Associate Dean for Research; Professor Ecology/Evolutionary Biology; Curator of Peabody Museum; Associate Dean for Research; Director of Doctoral Studies; Director Graduate Studies Forestry & Environmental Studies
205 Prospect St, New Haven, CT 06511-2106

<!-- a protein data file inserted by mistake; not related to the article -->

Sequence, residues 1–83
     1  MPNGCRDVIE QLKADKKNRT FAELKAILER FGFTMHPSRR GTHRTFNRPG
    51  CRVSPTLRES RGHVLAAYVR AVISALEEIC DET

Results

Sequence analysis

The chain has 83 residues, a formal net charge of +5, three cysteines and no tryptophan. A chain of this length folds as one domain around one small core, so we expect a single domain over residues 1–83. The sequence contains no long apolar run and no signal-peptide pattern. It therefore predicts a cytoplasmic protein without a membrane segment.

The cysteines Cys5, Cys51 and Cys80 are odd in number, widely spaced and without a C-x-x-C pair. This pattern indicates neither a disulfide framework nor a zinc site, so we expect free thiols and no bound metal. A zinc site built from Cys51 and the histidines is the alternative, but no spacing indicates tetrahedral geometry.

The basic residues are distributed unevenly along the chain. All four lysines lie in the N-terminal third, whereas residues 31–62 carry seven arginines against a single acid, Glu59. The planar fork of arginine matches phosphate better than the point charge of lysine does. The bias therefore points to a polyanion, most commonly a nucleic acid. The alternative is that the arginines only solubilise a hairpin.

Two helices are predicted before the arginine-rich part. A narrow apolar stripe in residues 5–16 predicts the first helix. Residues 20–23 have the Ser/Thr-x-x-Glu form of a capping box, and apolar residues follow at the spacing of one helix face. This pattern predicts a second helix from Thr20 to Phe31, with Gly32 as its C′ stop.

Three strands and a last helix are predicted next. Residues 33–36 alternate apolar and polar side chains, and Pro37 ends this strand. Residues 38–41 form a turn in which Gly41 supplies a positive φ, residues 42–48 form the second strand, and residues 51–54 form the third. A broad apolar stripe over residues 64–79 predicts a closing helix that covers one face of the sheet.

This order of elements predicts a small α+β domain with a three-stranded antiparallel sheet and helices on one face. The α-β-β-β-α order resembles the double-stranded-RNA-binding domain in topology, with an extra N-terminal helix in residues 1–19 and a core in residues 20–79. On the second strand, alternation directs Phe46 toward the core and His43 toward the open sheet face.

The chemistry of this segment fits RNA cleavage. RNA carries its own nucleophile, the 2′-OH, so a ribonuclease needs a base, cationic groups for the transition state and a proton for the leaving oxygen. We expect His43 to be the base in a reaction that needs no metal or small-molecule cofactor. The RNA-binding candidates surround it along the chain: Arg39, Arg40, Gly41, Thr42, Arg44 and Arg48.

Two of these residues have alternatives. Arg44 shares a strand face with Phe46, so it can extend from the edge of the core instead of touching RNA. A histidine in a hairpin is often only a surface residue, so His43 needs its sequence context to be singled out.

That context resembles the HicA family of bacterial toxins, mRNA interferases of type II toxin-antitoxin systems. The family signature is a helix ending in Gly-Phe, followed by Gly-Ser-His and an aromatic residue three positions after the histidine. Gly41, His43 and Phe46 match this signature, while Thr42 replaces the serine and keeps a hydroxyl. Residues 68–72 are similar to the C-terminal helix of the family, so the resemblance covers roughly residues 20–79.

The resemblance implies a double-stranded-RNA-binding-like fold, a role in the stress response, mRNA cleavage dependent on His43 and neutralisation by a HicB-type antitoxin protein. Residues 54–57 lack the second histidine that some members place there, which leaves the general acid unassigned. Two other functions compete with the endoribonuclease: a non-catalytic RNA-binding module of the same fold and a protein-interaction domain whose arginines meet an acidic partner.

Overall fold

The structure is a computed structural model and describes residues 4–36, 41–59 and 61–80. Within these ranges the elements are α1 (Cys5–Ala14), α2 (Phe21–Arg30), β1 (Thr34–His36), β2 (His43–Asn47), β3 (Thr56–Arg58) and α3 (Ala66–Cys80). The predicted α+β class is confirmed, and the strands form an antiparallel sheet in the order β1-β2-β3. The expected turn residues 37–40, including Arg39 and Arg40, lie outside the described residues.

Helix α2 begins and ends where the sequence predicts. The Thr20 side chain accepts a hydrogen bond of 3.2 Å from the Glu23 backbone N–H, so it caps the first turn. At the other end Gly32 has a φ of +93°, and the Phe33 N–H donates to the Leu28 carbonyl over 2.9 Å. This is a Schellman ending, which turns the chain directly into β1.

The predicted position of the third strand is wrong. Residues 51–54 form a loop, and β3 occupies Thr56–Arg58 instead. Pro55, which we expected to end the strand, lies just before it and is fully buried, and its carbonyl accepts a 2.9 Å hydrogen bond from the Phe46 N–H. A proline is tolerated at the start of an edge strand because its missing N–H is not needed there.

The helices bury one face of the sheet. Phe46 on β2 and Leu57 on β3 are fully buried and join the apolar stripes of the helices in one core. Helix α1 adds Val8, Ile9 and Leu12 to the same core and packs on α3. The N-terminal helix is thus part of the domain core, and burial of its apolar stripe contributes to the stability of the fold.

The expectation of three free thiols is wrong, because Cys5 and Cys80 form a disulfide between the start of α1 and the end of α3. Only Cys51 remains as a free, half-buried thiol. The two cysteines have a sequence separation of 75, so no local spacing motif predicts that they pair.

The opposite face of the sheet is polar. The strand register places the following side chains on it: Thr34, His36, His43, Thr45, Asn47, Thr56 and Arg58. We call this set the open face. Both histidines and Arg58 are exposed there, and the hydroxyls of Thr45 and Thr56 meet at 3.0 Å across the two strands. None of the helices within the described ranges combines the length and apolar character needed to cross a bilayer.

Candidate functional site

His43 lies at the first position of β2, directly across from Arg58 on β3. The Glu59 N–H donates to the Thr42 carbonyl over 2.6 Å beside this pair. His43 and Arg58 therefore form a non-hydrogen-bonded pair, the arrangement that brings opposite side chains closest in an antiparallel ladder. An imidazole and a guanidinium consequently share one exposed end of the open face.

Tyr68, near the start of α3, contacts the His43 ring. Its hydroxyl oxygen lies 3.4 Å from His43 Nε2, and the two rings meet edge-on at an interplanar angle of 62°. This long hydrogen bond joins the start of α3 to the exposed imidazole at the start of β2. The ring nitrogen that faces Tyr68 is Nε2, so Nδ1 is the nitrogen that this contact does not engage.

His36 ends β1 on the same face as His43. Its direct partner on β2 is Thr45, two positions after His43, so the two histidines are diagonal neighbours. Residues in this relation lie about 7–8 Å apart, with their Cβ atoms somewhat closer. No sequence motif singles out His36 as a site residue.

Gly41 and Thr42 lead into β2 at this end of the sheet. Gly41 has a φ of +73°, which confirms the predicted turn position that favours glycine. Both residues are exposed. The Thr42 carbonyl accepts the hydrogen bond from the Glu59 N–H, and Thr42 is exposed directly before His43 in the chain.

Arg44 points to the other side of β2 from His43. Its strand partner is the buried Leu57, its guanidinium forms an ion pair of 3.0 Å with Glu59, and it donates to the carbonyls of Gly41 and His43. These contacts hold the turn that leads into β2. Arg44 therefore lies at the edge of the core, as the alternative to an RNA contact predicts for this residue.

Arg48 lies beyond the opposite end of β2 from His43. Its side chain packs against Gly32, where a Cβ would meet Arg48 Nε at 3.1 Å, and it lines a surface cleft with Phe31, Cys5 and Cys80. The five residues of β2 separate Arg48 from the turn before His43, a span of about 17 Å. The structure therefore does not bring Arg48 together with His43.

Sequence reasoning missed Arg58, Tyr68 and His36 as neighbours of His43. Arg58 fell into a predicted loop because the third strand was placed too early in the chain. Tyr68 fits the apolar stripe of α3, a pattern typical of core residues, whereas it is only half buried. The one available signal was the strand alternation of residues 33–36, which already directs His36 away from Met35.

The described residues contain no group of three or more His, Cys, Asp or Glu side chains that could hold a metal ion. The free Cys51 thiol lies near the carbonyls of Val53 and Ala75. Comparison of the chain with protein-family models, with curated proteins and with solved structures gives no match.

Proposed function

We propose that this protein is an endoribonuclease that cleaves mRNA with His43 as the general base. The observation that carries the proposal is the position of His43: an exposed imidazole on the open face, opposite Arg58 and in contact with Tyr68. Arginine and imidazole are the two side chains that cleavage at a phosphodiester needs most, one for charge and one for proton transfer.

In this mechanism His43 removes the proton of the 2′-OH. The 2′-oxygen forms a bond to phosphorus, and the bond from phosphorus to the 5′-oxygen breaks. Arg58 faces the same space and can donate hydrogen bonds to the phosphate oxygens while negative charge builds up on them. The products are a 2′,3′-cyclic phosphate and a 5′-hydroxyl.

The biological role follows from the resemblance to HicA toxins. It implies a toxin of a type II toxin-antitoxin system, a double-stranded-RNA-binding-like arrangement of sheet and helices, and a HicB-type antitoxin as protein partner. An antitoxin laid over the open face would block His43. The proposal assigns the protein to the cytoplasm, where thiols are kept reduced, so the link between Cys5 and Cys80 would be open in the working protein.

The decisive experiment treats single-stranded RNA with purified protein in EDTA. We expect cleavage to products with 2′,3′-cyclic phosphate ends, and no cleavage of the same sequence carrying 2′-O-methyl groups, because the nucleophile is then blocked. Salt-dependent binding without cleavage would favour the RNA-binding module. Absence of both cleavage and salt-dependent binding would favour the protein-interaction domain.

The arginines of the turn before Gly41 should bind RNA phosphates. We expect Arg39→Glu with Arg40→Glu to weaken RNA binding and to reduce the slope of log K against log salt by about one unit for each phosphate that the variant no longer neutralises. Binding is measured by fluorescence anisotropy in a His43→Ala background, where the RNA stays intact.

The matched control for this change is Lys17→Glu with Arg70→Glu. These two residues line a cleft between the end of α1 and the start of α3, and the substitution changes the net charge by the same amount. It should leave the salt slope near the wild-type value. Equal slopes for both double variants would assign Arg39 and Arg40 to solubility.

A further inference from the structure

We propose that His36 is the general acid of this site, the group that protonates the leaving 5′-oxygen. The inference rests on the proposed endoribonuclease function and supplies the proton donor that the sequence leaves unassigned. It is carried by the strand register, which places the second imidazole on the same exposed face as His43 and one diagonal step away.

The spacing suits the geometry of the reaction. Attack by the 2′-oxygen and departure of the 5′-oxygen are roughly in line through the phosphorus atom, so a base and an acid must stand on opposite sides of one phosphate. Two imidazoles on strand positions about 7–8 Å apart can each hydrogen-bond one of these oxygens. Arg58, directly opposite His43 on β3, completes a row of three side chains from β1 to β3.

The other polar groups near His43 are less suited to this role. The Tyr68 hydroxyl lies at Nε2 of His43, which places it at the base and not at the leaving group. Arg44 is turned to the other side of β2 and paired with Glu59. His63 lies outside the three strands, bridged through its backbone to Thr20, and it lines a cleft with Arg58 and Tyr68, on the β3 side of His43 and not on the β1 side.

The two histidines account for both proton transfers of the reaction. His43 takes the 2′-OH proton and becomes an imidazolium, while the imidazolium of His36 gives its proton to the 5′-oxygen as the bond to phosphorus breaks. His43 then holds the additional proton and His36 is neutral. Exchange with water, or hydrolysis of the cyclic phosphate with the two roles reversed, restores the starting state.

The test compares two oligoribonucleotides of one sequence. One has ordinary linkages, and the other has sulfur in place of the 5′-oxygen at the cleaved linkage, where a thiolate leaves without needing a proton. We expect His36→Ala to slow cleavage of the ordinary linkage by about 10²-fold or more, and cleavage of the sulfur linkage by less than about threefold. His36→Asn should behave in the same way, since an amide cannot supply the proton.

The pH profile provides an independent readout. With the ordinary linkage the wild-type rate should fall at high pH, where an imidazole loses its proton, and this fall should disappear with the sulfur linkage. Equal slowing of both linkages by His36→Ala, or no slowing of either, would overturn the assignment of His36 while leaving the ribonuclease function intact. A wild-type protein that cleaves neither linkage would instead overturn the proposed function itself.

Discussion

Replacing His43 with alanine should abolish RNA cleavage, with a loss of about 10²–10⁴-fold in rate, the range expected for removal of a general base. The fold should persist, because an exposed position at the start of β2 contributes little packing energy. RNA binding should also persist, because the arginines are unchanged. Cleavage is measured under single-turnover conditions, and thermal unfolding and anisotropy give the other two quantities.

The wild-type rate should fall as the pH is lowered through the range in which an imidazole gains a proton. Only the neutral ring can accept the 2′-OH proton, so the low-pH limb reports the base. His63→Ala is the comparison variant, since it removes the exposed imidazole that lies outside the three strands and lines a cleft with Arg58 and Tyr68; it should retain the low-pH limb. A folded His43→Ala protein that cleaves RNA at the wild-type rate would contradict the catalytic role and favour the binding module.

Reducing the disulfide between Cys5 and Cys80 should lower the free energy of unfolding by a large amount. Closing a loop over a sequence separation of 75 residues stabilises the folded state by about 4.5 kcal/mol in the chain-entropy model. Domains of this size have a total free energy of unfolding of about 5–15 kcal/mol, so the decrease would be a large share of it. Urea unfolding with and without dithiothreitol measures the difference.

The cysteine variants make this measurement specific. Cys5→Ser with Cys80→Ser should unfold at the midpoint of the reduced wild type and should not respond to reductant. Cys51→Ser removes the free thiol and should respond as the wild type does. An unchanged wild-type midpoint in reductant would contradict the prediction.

I am an ecologist interested in the dynamics and fate of animal populations and communities. My research program is organized around two primary themes: Emerging Diseases. Limb deformities of amphibians are a well described emerging disease phenomenon of uncertain cause. The leading hypothesis has been an infectious agent Ribeiroia, a trematode parasite. Our work in Vermont, an epicenter for amphibian deformities, shows that high rates of limb deformities can occur in the absence of Ribeiroia requiring an alternate mechanism such as chemical pollutants. We are building on this research in collaboration with Gunter Wagner (EEB). A pilot grant from the Yale Medical School is enabling us to gather initial data exploring the genetic basis for abnormal limb development in the presence of chemical pollutants. Our initial results suggest that genome wide expression patterns (using gene-chip technology) will provide an excellent basis for understanding the causes of abnormal development. A complementary project explores the role of urbanization in promoting infectious disease in wildlife. A survey of Connecticut wetlands shows that amphibians living in urban areas can suffer intense kidney infections. These outbreaks by echinostome trematodes are previously unrecognized and potentially debilitating to urban wildlife. Population Responses to Dynamic Landscapes. Human activities lead to rapid changes in landscapes across much of the Earth’s surface. In the freshwater wetlands I study, one of the most profound effects is the change in forest structure in and around wetland basins. Either by directly removing trees, controlling beaver populations, or suppressing fires the canopy cover over ponds can be dramatically affected and rapidly changed. We have shown that amphibian populations are sensitive to such changes. Population extinctions are one common response. More recently we have discovered that one of our study species, the wood frog, is capable of rapid evolutionary response to changing temperature altered by canopy removal or regrowth. This surprising finding in a vertebrate implies that responses to other thermal changes, such as those associated with climate change are possible and even likely. The recognition of evolved response could greatly influence estimates of the ecological consequences of climate change.